Malaika King Albrecht
The Stumble Fields
Main Street Rag Publishing Company
Reviewer: Vivian Wagner
The Stumble Fields, a new collection of poetry by Malaika King Albrecht, is about life and death and everything in between. These poems explore how we inhabit the earth and how we can find our way to grace and beauty, even in a world marked by mortality.
The collection is divided into three sections that represent a progression in consciousness from feeling isolated and alone to feeling connected with each other, the planet, and the universe. The first section of the collection, “Catalog of Ghosts,” includes poems about hauntings, about ghosts and their relationships with the living, and about the way these ghosts come to represent a feeling of being separate and distinct from both the physical world and the more ethereal or spiritual one.
This section opens with a poem called “Grave Rubbing with My Daughter,” which focuses on a few moments in a cemetery when the speaker and her daughter are making markings on paper to record the stories of the dead:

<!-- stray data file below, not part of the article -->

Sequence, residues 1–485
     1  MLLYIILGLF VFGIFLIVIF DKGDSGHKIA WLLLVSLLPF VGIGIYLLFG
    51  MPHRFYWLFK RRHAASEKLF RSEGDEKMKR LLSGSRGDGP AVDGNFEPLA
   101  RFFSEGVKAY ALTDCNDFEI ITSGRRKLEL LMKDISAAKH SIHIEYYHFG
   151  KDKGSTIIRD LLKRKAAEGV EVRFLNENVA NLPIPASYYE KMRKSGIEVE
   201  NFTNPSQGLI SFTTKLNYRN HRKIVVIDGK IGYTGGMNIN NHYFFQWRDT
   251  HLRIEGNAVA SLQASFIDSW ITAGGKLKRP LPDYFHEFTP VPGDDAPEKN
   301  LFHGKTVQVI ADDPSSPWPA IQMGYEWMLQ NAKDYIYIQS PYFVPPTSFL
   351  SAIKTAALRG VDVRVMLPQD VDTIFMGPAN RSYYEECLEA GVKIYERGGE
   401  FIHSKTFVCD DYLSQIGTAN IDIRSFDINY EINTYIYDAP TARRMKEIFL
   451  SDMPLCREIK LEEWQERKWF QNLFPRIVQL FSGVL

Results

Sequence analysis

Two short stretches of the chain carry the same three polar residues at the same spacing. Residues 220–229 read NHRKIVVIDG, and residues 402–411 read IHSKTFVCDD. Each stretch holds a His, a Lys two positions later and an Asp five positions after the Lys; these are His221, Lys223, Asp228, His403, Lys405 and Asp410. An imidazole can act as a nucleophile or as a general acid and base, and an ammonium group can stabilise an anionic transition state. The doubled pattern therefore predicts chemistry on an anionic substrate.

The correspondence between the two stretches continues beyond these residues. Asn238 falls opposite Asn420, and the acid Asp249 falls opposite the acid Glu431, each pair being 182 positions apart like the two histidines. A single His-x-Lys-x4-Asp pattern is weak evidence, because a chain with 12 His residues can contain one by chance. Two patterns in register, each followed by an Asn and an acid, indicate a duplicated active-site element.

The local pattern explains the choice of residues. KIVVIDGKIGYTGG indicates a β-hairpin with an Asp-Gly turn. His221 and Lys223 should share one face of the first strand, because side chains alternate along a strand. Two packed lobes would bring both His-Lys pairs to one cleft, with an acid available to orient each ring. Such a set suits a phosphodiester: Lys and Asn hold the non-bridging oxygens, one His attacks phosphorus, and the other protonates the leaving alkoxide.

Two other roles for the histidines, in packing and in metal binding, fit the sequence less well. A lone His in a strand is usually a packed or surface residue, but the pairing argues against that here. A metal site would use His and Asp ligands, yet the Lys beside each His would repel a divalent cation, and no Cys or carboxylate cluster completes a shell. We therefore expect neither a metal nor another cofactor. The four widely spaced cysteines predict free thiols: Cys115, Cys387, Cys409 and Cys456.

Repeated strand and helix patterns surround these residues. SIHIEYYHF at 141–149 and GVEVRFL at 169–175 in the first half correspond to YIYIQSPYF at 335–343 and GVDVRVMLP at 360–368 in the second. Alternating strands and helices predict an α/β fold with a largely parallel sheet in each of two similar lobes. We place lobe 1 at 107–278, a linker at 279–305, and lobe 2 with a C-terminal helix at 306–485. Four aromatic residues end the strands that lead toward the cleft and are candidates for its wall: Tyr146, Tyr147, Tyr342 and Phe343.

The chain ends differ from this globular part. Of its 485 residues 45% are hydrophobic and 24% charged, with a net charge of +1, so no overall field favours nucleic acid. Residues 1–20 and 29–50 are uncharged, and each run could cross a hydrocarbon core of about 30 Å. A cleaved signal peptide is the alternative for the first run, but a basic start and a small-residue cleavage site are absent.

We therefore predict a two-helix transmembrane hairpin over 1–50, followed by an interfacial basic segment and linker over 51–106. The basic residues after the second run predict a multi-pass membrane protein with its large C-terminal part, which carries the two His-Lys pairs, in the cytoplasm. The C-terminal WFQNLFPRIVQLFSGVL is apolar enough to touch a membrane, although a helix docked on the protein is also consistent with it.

Some things break, my youngest says,
after the charcoal stick snaps in her hand.
I hold her hand beneath my own
and glide our hands over a winged hourglass.
I tell Serena the image means that time flies.
She laughs, Time’s not a bird, mommy.
It’s a moving moment between mother and daughter, pointing toward the truth that this moment, too, is fleeting, and that there are schisms between what has been, what is, and what will be – and also between children, adults, and the dead. The poem sets the tone for this section, which explores what it means to be alive among ghosts, to see them, hear them, talk with them, and fear them. Ghosts can be lovers, friends, or enemies, but there’s always a divide between them and the living.
In “How I Got Red Hair as a Child,” for instance, the speaker narrates a complicated relationship with a threatening ghost:
The first ghost I met
said she could extinguish
me like a candle flame.
The speaker takes this threat as a challenge, learning to “breathe light” into her body,
until I could hear a roar